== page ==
Brexit’s impact on EU is definitely not completed, but it is ongoing.
In these days, the main topic is related to EBA’s and EMA’s headquarters, both currently situated in London. After Brexit, the European Banking Authority and the European Medicines Agency have no longer reason to be in the British capital and the 27 member states have to decide where to move them. The deadline to submit the candidacy is established on 31 July 2017. The fight is open. The competition is really getting going especially for EMA, which employs about 900 operators and attracts a rich business. Among the candidates there are: Italy (Milan), Spain (Barcelona), Holland (Amsterdam), Denmark (Copenhagen), Austria (Wien), Greece (Athene), Malta (La Valletta), Portugal (Lisbon), Sweden (Stockholm), but also eastern countries: Romania (Bucharest), Slovakia (Bratislava) and Hungary (Budapest). For Eba, Frankfurt seems the favourite, since also ECB is set there, but the winner is not taken for granted and even Luxemburg is in the running, against other five cities.
Alongside the difficulties of choosing the right place, another burning question regards the process and selection criteria.
Donald Tusk, President of the European Council, and Jean-Claude Junker, President of the European Commission, have proposed a complex majority voting system, abandoning the “usual” unanimity, in order to avoid the paralysis of the decision.
According to the Project Board, the member states will express their opinion in a maximum of three round of voting. In the first, each country will have six votes to be distributed as following: three votes to the first preference, two to the second and the last one to the third. To be the winner, one city has to receive three votes from at least 14 countries over 27. If this doesn’t happen, the three most voted candidates will access the second phase, in which each country will have only one vote and the winner will need 14/27 votes. If the majority is not reached, the run-off will start and the most voted city will win. In case of draw, the decision will be taken by the chance.
The two Presidents schedule the election during the European Council in October. However, this voting proposal is meeting the opposition of many member states, since they would prefer the unanimity mechanism, used until now. The issue could be transmitted to the leaders who are meeting in these days for the traditional mid-year summit.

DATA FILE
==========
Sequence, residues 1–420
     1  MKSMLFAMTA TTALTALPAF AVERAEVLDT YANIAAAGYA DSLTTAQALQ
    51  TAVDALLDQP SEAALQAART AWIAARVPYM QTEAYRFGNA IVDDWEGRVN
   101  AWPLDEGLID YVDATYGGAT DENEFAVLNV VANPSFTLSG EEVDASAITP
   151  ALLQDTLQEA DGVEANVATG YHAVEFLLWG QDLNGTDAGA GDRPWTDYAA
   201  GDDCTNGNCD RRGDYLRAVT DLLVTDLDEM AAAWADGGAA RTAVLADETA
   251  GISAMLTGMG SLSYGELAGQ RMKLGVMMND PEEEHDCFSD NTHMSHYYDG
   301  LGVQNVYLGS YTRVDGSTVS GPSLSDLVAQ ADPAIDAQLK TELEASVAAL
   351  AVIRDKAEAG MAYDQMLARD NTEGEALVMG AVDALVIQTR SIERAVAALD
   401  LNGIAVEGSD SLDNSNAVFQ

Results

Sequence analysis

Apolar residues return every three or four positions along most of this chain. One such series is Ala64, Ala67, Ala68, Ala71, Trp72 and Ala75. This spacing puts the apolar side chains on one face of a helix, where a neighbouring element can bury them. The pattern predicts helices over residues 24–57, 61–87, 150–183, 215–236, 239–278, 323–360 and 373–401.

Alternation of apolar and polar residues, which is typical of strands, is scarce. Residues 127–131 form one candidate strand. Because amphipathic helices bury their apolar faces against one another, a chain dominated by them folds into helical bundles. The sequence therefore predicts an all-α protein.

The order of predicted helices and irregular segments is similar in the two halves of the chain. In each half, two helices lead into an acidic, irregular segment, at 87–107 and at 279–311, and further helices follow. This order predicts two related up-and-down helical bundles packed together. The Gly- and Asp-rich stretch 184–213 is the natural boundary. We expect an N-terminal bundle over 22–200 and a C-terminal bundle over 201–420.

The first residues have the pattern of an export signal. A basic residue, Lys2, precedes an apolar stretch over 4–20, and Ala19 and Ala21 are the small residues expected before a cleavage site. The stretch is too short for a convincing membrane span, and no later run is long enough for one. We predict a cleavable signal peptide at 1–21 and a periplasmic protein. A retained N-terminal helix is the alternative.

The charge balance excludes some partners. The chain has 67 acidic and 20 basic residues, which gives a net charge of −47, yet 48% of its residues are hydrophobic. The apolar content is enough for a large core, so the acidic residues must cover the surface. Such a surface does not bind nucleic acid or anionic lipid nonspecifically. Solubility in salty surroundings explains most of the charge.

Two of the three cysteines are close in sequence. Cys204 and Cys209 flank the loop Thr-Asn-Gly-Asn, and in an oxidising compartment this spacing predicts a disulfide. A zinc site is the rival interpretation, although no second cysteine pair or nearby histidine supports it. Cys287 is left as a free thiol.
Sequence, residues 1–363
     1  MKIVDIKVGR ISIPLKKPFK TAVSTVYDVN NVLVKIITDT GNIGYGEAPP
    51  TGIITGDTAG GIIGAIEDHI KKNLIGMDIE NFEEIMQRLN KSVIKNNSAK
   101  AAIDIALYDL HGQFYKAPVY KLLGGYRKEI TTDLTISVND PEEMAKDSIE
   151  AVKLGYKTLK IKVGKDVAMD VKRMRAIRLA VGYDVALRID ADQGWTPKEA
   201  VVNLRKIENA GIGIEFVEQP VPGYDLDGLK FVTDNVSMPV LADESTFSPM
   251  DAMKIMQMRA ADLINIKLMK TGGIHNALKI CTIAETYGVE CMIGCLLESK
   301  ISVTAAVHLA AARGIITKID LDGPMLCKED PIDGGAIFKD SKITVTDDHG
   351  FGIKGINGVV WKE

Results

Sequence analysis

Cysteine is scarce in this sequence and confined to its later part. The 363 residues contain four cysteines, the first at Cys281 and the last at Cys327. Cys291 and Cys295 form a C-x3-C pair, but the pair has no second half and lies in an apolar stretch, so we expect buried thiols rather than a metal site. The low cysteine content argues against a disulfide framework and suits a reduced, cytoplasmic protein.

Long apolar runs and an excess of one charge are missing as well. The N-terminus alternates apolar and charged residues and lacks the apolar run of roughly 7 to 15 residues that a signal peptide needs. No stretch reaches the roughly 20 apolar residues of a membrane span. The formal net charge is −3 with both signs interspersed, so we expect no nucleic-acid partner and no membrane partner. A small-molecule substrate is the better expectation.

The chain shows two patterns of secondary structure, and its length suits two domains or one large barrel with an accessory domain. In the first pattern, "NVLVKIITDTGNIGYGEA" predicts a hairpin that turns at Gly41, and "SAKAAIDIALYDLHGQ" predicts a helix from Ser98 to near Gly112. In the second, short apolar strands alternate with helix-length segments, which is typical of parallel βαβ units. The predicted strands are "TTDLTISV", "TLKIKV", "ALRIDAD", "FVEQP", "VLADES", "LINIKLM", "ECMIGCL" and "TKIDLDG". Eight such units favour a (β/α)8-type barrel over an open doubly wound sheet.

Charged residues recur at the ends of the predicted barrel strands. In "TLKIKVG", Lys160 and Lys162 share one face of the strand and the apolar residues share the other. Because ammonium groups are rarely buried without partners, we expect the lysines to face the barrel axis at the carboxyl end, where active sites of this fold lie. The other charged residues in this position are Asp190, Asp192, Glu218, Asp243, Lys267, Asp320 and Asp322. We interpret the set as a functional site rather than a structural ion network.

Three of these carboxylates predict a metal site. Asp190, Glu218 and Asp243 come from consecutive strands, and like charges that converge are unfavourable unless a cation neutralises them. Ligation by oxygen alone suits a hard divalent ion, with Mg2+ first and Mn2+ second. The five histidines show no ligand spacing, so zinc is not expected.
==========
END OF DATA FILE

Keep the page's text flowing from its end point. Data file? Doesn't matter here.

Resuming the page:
As far as the selection criteria are concerned, six are the aspects to be taken into consideration to choose the new headquarter:
- The time needed to make it operative;
- Its accessibility;
- The presence of schools nearby for the employees’ children;
- The access to the labour market as well as to the health and social services for the children and the partners;
- The continuity of the activity must be guarantee certainly;
- The geographical position.
About the last criteria, the eastern countries are putting the stress on the fact that since 2003, with the EU’s enlargement towards the East, the member states committed to equally set the European institutions all over the communitarian territory. On the other hand, the central/western countries (Italy, Germany and Spain) would prefer an evaluation based on meritocracy. In any case, the EU negotiations’ guidelines for Brexit establish that all the transfer costs are supported by London.
It is surely an important decision, which could also represent a turning point for some countries: in term of fostering the development, especially for eastern countries, or giving new impulse in order to overcome the recession to the old economic powers of the continent.
There is a lot to think about. The near future will be crucial to define the new European institutional placement.